This article is no longer canon. It is left in for reference and comparison.
The Winter Hobbits are the ones that deviate most from the hobbit norm. Otwardly they are similar to the other hobbits if sometimes a little skinnier and with pale skin and blonde hair.
It's culturally they are different. The Winter Hobbits eek out hard lives in the harsh and hostile climate of the far north. This makes them considerably tougher than the other hobbits. The short summers and the long winters in the far north also mean they have less time to farm the land and have to rely on hunting and trapping in order to get food. In this they much resemble to human nortlanders who plagued the world during the dark ages. The winter hobbits however are mostly peaceful and do not actively seek conflict. They will defend themselves if attacked, but they do not expand their lands through conquest.
By tradition the winter hobbits have traded mostly in fur an in lumber. Woodcutter and trapper were common occupations in the past. Modern technology means a single hobbit is able to cut more trees or trap more beasts than previously possible. This has lead to a slight oversaturation of the markets for these products and many winter hobbits are seeking other occupation.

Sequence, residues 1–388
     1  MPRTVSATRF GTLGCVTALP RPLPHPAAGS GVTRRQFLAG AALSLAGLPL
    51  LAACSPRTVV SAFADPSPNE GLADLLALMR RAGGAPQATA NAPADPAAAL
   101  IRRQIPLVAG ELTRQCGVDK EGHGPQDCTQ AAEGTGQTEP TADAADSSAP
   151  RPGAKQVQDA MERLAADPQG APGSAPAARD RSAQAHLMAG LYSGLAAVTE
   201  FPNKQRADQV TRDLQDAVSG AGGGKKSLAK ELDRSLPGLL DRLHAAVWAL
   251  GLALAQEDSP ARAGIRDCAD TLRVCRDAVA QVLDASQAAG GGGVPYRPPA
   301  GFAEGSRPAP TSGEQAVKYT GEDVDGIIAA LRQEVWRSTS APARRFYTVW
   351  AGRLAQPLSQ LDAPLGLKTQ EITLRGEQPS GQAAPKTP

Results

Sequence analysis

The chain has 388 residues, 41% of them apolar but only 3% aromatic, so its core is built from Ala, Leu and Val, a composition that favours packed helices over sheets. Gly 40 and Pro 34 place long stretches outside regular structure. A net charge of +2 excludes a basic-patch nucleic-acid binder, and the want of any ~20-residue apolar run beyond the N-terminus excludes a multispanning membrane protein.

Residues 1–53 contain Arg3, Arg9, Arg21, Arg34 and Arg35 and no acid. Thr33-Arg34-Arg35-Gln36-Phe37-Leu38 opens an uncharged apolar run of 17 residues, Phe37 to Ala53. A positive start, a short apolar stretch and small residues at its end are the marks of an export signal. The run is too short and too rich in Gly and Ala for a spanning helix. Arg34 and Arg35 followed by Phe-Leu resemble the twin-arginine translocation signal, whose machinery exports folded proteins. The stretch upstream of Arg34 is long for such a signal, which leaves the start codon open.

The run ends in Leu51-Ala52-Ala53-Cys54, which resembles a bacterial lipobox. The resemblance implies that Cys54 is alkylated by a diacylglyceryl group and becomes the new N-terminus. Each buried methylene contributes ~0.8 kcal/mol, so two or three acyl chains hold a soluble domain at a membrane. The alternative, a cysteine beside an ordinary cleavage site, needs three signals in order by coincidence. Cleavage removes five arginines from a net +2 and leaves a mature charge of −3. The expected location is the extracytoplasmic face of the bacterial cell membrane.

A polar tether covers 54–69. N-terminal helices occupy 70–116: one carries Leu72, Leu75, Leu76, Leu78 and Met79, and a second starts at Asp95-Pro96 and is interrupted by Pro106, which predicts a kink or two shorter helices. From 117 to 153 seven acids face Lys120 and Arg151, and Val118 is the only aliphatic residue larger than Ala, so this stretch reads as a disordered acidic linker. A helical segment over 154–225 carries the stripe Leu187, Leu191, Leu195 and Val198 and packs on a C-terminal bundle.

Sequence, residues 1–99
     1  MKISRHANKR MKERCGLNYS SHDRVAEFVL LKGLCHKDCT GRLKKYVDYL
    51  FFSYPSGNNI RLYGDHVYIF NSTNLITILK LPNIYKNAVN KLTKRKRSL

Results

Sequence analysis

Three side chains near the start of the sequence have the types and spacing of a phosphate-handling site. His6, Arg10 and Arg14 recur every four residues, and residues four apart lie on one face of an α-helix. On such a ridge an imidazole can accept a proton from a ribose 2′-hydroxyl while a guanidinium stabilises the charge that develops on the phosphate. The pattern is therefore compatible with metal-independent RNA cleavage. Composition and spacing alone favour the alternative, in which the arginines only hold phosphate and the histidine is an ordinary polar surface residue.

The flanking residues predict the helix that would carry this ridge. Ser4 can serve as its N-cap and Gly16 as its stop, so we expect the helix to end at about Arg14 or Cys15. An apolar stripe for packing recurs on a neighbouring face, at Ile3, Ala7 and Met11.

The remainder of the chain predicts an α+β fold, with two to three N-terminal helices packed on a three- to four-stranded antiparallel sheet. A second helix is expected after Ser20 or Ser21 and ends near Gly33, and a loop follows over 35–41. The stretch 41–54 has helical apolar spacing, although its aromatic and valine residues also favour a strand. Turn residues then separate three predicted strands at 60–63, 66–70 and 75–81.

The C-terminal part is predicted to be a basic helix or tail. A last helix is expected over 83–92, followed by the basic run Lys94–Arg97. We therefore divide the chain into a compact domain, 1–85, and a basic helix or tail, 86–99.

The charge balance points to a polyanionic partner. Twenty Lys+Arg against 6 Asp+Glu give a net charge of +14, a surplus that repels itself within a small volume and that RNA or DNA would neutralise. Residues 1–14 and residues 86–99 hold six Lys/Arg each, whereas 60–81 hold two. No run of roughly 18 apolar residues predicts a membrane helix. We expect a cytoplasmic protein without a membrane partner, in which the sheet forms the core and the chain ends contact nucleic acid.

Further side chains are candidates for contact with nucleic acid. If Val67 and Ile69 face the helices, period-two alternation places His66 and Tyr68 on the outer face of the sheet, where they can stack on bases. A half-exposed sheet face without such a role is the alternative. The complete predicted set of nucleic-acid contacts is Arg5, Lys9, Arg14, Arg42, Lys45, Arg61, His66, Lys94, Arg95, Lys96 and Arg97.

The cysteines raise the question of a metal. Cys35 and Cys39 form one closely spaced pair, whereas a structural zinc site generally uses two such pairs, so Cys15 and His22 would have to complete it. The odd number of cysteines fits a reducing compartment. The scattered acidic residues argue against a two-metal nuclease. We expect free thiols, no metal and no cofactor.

As opposed to other hobbits the winter hobbits generally don't live in the traditional hobbit holes. Instead they prefer log cabins, preferably built using logs they cut themselves.
The winter hobbits remain children of the their goddess though. Despite their tougher way of life they are still devout in their appreciation of the simple pleasures. The highest form of worship is to relax by the fireplace and listen to the screams of the winter storm outside. Hearing a wolf howl in the distance is considered a good omen.
In today's world many winter hobbits have migrated towards the relative comfort of and safety of modern cities. Conveniences such as running hot water and access to schools and hospitals outweighs the need to maintain the traditional life-style. Most city-dwelling winter hobbits instead reserve part of their vacation to renting an isolated cabin and spending a week or two there in the middle of winter.